Everything you need to know about copywriting and SEO

So, you’ve nailed down your content – now what? Maybe you’re struggling with content optimisation and how to get the most out of your copy. Perhaps the thought of keyword planning and SEO makes you nervous.

Very few of us actually understand the mechanics behind search engine optimisation (SEO). After all it is a beast, and Google’s search ranking algorithm doesn’t help the situation either. Unless you are an SEO specialist, leave this task to the experts – they are at the forefront of all the updates and latest tricks, and you should concentrate on producing quality content.

With that in mind, here’s what you need to know:

What exactly is content optimisation?

Content marketing should play a key role in any marketing plan. To optimise content simply means to a) make it search engine friendly and b) drive action that ultimately leads to a sale.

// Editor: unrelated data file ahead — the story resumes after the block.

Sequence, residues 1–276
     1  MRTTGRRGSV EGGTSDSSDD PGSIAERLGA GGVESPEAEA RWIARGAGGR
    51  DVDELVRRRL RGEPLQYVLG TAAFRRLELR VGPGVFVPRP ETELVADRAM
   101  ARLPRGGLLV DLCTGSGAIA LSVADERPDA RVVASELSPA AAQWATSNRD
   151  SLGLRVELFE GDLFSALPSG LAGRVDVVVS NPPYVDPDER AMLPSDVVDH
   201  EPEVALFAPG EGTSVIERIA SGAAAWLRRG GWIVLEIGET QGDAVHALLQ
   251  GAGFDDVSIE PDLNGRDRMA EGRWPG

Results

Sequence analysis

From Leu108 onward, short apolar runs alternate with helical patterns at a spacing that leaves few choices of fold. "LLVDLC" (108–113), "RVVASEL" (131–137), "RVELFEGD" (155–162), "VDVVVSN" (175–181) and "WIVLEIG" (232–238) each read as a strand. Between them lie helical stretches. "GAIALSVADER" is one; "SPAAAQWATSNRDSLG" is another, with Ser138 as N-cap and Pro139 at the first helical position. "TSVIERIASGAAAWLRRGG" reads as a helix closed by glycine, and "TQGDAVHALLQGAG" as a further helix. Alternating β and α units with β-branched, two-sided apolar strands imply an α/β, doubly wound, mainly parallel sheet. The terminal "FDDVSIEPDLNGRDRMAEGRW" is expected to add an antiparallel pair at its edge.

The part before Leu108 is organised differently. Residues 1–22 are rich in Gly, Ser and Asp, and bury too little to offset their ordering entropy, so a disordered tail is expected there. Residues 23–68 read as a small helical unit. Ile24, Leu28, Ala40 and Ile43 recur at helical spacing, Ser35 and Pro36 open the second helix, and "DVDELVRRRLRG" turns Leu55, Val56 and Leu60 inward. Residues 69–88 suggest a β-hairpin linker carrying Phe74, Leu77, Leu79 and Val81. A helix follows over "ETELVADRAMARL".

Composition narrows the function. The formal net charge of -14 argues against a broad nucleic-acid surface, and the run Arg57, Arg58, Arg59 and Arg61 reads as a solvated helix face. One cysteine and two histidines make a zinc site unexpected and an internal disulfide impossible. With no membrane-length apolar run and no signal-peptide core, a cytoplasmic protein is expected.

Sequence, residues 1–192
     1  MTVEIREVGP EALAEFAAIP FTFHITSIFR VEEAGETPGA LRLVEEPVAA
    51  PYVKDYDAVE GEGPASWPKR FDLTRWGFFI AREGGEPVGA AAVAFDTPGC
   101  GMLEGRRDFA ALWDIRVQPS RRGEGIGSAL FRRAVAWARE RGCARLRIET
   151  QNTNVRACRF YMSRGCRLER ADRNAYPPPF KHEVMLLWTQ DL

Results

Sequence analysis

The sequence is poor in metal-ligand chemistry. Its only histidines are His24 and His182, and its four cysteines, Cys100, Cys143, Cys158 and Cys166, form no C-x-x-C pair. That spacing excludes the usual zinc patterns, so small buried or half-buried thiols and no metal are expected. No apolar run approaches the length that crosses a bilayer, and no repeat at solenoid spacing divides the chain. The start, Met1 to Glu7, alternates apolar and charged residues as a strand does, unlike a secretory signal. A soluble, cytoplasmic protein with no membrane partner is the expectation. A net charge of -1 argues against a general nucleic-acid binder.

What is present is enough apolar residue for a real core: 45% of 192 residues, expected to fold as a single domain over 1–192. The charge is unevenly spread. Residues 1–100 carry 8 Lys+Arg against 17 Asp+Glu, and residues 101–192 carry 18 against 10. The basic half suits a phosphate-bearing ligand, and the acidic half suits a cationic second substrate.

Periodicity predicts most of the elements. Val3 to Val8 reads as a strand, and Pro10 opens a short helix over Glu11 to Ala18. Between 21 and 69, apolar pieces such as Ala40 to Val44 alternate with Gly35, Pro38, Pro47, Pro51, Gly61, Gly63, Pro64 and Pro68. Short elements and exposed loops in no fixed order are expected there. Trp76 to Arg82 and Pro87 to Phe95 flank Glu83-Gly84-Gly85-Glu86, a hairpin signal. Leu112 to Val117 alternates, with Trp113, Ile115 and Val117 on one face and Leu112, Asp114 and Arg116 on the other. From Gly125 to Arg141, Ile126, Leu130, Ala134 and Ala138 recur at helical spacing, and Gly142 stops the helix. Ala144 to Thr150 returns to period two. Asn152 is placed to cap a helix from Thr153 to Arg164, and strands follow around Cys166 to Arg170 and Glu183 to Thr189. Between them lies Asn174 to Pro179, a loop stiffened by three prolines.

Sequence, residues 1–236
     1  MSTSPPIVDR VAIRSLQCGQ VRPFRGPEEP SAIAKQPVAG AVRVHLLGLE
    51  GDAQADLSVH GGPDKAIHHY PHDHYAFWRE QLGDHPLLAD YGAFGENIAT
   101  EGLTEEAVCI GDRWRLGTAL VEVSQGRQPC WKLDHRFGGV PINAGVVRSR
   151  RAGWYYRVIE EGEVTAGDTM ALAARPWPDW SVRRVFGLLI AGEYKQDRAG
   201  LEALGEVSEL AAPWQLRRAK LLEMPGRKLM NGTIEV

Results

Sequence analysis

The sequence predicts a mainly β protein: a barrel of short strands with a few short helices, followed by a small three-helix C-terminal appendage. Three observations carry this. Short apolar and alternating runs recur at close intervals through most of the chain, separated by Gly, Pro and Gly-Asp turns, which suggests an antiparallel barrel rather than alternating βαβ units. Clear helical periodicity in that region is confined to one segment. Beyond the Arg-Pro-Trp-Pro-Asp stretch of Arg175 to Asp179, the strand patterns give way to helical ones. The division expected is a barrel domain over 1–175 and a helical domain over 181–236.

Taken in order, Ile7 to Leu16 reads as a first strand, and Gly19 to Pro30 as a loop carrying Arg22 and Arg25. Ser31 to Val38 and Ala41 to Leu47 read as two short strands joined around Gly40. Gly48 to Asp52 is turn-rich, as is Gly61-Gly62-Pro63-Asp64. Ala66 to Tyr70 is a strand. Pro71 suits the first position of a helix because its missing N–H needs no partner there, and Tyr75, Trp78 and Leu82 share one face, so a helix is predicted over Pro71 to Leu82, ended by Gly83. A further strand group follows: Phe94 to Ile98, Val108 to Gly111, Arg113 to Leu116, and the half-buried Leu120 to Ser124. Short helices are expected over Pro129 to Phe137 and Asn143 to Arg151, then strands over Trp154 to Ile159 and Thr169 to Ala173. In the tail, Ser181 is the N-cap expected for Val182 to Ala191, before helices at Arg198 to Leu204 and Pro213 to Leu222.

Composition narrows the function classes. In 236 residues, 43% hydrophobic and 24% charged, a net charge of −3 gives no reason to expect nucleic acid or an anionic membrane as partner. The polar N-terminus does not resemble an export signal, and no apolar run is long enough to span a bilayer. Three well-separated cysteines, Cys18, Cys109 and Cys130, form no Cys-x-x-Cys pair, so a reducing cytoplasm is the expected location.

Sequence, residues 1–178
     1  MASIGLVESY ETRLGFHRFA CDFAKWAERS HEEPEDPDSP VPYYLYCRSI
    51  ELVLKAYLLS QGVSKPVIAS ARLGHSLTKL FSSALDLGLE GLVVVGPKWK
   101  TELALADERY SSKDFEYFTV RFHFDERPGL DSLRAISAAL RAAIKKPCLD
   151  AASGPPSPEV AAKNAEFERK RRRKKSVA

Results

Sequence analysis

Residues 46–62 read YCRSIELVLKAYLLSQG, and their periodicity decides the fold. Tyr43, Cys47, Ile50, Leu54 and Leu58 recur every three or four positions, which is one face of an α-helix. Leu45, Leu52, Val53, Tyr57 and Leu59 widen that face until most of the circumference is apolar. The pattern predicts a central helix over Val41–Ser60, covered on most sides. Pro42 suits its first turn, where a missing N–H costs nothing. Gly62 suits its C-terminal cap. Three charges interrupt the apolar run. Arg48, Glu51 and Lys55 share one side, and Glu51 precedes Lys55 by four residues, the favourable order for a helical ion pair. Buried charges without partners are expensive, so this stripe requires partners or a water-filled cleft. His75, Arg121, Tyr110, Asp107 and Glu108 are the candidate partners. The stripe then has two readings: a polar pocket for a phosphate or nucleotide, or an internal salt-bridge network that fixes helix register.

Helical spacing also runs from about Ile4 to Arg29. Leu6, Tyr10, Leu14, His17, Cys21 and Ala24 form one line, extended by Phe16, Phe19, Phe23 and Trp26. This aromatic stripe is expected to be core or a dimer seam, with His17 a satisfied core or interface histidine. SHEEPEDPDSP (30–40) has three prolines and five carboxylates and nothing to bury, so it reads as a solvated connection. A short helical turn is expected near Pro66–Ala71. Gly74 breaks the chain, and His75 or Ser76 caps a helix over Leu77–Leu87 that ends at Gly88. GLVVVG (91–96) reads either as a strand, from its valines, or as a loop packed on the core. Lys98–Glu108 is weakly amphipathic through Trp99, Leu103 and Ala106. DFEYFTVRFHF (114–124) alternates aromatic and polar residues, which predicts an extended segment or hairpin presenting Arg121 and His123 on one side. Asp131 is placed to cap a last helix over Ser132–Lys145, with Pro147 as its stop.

It combines a mix of your chosen keywords and an opportunity to build brand trust and authority. Brand trust and authority are not built through a pushy sales pitch, but instead a long-term series of informative and educational content pieces.

Ok, so where do I start?


If you have hired an SEO agency, make sure you work closely with the team to identify your top keywords that will help your content rank. Next, put together a content calendar of topics that are related to your business and be sure to run these past your agency to see how they fit with the overall plan.